"The first thing I had to overcome was the mental block that says that a four string electric bass isn't capable of performing works by Beethoven, Tchaikovsky, Mozart, Coltrane, or ragtime music from Scott Joplin—because of expectations. When people speak of soloists, they don't think of the four string electric bass. They conventionally think of a violinist, a pianist, or a guitarist." Blake has added more than 400 songs to his repertoire as a four string bass soloist. His remarkable talent is showcased in a four-CD series entitled Ten Fingers & Four Strings Solo Series (Man of Psalms Records, 2008).

Tags

Related Video

comments powered by Disqus

Related Articles

Read Dave Ledbetter: Diversity and Unity Interviews
Dave Ledbetter: Diversity and Unity
by Seton Hawkins
Published: August 15, 2018
Read Kika Sprangers: Musical Adventurer In Holland Interviews
Kika Sprangers: Musical Adventurer In Holland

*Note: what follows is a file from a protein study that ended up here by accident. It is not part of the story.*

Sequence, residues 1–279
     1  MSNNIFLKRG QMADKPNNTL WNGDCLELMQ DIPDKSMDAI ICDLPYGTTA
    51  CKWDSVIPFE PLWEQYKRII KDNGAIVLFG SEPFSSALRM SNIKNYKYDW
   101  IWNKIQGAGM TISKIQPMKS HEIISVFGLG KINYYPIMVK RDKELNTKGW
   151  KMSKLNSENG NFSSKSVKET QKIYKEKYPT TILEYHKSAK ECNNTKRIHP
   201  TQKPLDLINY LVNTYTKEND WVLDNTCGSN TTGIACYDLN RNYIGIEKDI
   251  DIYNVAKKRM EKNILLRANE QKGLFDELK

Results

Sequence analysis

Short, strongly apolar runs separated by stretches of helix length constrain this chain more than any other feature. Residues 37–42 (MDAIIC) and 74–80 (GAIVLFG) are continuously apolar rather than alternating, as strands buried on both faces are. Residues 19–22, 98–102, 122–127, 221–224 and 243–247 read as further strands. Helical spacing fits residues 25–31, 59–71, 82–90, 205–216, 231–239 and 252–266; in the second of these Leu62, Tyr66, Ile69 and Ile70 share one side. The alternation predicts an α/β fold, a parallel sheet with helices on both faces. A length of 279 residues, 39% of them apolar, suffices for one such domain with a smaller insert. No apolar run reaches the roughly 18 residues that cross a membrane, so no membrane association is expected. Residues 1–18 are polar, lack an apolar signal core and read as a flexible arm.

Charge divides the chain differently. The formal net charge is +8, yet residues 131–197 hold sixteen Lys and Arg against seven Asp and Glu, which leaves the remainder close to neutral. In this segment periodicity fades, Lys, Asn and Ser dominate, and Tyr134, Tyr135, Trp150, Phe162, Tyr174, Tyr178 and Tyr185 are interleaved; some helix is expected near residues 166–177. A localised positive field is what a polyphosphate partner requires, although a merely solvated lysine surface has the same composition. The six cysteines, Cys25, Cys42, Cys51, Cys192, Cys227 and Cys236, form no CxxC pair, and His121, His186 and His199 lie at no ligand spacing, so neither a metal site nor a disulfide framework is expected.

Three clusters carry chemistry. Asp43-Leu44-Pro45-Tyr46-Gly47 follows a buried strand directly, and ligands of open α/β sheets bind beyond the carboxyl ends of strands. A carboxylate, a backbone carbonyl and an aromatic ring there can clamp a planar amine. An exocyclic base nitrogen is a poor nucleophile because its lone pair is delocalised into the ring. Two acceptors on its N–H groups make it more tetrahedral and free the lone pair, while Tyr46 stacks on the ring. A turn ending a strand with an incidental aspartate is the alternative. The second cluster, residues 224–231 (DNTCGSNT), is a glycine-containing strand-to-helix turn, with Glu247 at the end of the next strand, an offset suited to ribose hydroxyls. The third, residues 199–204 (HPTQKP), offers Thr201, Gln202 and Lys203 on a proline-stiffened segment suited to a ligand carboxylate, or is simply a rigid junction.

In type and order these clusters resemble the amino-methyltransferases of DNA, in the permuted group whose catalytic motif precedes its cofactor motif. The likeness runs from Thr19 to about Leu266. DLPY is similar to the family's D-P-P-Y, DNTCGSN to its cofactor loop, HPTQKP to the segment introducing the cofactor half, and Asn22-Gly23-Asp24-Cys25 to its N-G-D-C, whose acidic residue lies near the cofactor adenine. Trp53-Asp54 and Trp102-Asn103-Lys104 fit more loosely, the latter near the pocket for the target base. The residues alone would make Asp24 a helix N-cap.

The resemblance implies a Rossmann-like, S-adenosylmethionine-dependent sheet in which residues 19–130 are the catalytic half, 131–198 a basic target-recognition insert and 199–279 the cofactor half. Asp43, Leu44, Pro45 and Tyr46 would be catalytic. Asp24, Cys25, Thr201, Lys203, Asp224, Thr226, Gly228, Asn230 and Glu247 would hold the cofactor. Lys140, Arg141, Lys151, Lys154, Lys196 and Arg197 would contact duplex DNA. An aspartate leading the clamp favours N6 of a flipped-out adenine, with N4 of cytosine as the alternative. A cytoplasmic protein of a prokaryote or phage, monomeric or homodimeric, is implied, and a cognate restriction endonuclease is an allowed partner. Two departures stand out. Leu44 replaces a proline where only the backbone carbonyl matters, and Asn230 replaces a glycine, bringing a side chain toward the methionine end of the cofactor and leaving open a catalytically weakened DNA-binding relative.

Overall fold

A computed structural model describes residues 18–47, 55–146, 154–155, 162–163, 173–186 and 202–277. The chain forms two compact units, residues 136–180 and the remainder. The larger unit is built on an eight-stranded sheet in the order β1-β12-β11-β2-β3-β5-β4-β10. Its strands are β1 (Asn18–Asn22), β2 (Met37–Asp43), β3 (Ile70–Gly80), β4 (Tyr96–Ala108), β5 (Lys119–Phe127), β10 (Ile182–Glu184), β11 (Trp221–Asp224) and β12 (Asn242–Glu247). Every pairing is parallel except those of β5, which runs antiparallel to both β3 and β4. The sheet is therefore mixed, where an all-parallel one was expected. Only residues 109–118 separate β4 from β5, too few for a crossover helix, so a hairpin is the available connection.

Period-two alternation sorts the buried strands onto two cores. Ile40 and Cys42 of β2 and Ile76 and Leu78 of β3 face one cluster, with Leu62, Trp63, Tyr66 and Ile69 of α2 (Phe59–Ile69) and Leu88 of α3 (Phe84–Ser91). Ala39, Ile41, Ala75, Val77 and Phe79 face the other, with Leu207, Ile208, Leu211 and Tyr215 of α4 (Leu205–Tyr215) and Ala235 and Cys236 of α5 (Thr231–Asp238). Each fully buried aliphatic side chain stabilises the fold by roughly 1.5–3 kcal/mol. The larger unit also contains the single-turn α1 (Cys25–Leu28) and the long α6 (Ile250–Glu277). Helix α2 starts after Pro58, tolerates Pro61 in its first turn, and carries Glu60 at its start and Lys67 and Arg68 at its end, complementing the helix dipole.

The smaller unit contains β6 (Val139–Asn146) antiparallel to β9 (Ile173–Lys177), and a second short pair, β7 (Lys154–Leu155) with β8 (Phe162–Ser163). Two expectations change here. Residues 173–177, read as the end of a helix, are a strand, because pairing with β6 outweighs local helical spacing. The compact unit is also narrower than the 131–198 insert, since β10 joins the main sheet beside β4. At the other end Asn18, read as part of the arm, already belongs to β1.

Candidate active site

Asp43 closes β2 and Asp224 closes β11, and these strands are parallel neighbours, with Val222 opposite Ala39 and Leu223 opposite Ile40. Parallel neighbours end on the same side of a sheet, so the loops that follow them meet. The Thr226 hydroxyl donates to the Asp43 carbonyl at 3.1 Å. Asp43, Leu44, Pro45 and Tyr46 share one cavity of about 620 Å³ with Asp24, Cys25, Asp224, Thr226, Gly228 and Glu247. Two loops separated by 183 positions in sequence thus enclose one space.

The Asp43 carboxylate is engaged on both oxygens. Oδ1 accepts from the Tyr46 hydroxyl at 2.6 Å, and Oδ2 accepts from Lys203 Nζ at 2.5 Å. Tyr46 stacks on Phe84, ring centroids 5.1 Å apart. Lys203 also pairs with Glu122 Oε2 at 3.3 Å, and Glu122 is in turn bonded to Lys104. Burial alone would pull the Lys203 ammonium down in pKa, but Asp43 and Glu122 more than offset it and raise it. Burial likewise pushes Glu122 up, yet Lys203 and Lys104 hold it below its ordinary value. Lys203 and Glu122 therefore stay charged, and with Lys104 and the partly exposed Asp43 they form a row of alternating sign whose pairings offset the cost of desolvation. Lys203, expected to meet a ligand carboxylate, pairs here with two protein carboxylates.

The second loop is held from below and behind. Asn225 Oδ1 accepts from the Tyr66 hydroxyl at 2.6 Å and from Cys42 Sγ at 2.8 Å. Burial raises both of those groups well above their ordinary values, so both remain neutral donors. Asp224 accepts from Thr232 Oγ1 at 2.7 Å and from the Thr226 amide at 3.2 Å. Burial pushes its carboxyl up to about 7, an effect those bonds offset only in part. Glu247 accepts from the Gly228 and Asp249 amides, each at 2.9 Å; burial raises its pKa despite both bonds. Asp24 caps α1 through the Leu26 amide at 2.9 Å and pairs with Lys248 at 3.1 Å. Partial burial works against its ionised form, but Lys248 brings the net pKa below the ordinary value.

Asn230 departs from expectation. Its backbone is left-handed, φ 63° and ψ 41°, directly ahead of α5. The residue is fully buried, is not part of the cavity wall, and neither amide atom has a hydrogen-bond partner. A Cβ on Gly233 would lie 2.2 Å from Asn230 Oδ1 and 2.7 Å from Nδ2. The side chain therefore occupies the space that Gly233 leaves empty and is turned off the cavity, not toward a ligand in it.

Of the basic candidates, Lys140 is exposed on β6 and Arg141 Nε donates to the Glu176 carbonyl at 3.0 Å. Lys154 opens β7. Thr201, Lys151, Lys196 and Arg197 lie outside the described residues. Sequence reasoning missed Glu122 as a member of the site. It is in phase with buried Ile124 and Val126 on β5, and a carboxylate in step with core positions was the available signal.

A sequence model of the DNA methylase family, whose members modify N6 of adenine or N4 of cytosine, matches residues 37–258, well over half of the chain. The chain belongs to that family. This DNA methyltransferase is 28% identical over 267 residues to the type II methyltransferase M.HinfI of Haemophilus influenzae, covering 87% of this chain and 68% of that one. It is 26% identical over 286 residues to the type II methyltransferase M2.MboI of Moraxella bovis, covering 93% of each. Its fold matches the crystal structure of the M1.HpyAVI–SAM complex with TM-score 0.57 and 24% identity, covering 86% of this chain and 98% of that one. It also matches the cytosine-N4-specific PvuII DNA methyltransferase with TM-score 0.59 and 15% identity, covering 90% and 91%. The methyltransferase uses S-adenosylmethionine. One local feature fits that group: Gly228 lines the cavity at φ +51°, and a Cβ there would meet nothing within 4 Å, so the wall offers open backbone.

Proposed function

by R.J. DeLuke
Published: August 14, 2018
Read Tomasz Stanko: Lyricism and Liberation Interviews
Tomasz Stanko: Lyricism and Liberation
by John Kelman
Published: July 30, 2018
Read Hal Willner's Rock 'n' Rota Interviews
Hal Willner's Rock 'n' Rota
by Ludovico Granvassu
Published: July 26, 2018
Read Making The John Coltrane Jazz Festival in High Point Interviews
Making The John Coltrane Jazz Festival in High Point
by La-Faithia White
Published: July 21, 2018
Read George Wein: A Life and Legend in Jazz Interviews
George Wein: A Life and Legend in Jazz
by Doug Hall
Published: July 19, 2018
Read "Mandla Mlangeni: Born to Be" Interviews Mandla Mlangeni: Born to Be
by Seton Hawkins
Published: June 11, 2018
Read "Remembering John Abercrombie" Interviews Remembering John Abercrombie
by Craig Jolley
Published: August 23, 2017
Read "Thomas Strønen: Sense of Time" Interviews Thomas Strønen: Sense of Time
by Enrico Bettinello
Published: February 6, 2018
Read "Bokani Dyer: African Piano" Interviews Bokani Dyer: African Piano
by Seton Hawkins
Published: June 7, 2018
Read "Carmen Rothwell: The Art of Intuition" Interviews Carmen Rothwell: The Art of Intuition
by Paul Rauch
Published: August 25, 2017